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sorry but biker was wrong. bikes YIELD to foot traffic and horse traffic, period.

of course stabbing is wrong, but the biker here was a D*K


I just went to the stabbers web site and it doesn't say anything about his tendency to get stabby.....
 

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EDIT: This whole situation: Beta male pissing contest.

A complete unraveling of trail etiquette turned lizard brain. Local multi-use trails typically have signage that basically puts bikes at the bottom of the pecking order in terms of ROW.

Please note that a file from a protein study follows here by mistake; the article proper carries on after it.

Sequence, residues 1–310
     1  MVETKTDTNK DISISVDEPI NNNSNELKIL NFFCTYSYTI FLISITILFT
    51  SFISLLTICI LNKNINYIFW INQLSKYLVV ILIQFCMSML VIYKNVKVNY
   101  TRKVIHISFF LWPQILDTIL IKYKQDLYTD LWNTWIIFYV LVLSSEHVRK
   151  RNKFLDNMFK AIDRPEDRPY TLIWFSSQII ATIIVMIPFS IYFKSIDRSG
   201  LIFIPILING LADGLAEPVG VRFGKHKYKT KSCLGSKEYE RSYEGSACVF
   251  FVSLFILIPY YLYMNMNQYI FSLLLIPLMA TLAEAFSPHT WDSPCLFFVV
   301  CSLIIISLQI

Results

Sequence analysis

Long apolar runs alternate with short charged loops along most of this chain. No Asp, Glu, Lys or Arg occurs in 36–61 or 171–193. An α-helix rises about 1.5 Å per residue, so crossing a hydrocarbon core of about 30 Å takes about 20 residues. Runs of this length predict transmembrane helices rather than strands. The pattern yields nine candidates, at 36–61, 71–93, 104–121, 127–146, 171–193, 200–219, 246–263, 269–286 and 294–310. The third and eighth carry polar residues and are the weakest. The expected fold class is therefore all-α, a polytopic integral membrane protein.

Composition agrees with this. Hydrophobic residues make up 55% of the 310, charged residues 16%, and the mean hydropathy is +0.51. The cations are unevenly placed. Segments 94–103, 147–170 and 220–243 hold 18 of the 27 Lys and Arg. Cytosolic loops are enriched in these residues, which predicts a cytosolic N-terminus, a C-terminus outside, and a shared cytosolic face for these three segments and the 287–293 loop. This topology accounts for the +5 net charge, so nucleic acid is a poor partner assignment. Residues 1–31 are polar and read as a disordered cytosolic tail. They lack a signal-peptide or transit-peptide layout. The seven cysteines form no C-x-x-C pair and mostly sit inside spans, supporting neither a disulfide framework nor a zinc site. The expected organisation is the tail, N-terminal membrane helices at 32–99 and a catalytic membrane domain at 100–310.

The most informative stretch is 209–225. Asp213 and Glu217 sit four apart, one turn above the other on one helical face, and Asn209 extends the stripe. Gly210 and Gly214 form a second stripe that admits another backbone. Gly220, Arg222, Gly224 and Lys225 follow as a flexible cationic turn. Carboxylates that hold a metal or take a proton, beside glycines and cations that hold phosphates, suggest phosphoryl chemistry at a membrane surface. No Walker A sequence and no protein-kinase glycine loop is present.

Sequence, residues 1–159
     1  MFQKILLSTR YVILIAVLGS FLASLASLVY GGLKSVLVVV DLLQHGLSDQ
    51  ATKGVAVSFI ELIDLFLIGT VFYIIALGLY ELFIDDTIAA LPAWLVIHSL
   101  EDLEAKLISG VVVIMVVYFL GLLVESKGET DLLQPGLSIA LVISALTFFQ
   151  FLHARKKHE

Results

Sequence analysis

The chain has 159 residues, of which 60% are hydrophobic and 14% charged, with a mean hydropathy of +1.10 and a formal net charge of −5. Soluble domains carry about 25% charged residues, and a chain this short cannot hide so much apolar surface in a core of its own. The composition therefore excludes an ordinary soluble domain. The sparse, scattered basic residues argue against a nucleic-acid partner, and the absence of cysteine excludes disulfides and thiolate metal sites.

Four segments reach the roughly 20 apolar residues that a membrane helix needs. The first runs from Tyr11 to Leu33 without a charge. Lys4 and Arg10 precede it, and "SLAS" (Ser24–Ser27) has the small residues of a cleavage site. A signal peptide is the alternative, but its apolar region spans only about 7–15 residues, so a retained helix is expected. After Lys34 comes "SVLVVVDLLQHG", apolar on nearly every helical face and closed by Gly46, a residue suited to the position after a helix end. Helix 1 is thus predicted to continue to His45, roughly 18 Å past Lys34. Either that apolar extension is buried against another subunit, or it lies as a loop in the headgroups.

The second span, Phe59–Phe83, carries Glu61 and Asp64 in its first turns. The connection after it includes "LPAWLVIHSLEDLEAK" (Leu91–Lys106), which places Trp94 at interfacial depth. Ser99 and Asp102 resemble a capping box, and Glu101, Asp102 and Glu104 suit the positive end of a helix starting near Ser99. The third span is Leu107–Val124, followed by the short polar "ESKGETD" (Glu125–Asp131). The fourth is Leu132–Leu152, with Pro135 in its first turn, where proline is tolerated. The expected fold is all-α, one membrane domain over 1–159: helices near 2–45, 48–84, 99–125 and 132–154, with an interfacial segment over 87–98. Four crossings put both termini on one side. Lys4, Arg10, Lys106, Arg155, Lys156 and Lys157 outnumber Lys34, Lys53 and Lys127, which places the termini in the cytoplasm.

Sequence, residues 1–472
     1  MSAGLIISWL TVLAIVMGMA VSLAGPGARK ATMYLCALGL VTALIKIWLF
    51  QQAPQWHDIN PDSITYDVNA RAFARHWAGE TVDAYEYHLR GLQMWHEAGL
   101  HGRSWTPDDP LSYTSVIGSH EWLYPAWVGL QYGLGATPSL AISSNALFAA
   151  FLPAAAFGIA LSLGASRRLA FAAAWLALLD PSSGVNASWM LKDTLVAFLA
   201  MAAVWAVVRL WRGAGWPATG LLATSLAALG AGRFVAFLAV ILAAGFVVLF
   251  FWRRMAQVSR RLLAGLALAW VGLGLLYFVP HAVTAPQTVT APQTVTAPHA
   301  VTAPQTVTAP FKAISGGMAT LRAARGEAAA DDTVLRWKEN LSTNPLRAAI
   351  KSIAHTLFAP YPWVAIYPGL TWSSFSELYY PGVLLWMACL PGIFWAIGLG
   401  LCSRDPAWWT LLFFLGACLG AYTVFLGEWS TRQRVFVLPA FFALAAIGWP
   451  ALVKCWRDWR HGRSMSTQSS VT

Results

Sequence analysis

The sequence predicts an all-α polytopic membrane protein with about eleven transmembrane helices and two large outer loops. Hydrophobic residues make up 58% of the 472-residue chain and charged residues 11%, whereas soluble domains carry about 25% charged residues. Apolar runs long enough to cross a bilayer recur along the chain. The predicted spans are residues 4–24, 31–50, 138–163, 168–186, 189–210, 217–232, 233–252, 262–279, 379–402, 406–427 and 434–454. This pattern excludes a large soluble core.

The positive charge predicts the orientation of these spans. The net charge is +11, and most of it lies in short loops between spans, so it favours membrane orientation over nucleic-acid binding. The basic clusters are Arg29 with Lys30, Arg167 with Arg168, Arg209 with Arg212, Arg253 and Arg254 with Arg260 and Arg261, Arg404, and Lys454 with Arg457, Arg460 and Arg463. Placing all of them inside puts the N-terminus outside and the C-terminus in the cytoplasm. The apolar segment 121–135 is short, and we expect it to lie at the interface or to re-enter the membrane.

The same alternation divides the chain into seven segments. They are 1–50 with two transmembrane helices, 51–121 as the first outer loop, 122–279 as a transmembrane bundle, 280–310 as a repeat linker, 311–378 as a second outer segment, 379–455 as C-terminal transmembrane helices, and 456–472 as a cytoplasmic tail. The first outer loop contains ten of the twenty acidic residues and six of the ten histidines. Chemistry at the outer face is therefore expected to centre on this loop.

I struggle when people get so worked up and entitled in multi-use outdoor spaces and are completely ignorant to LNT and trail etiquette. It's there for everyone, know the rules and abide by them. I do not condone the stabbing, but the biker choosing to get tangled up with foot traffic when denied space and access to pass is completely on him. He would have also known the hikers were uncooperative had he tactfully engaged in a verbal exchange with them earlier.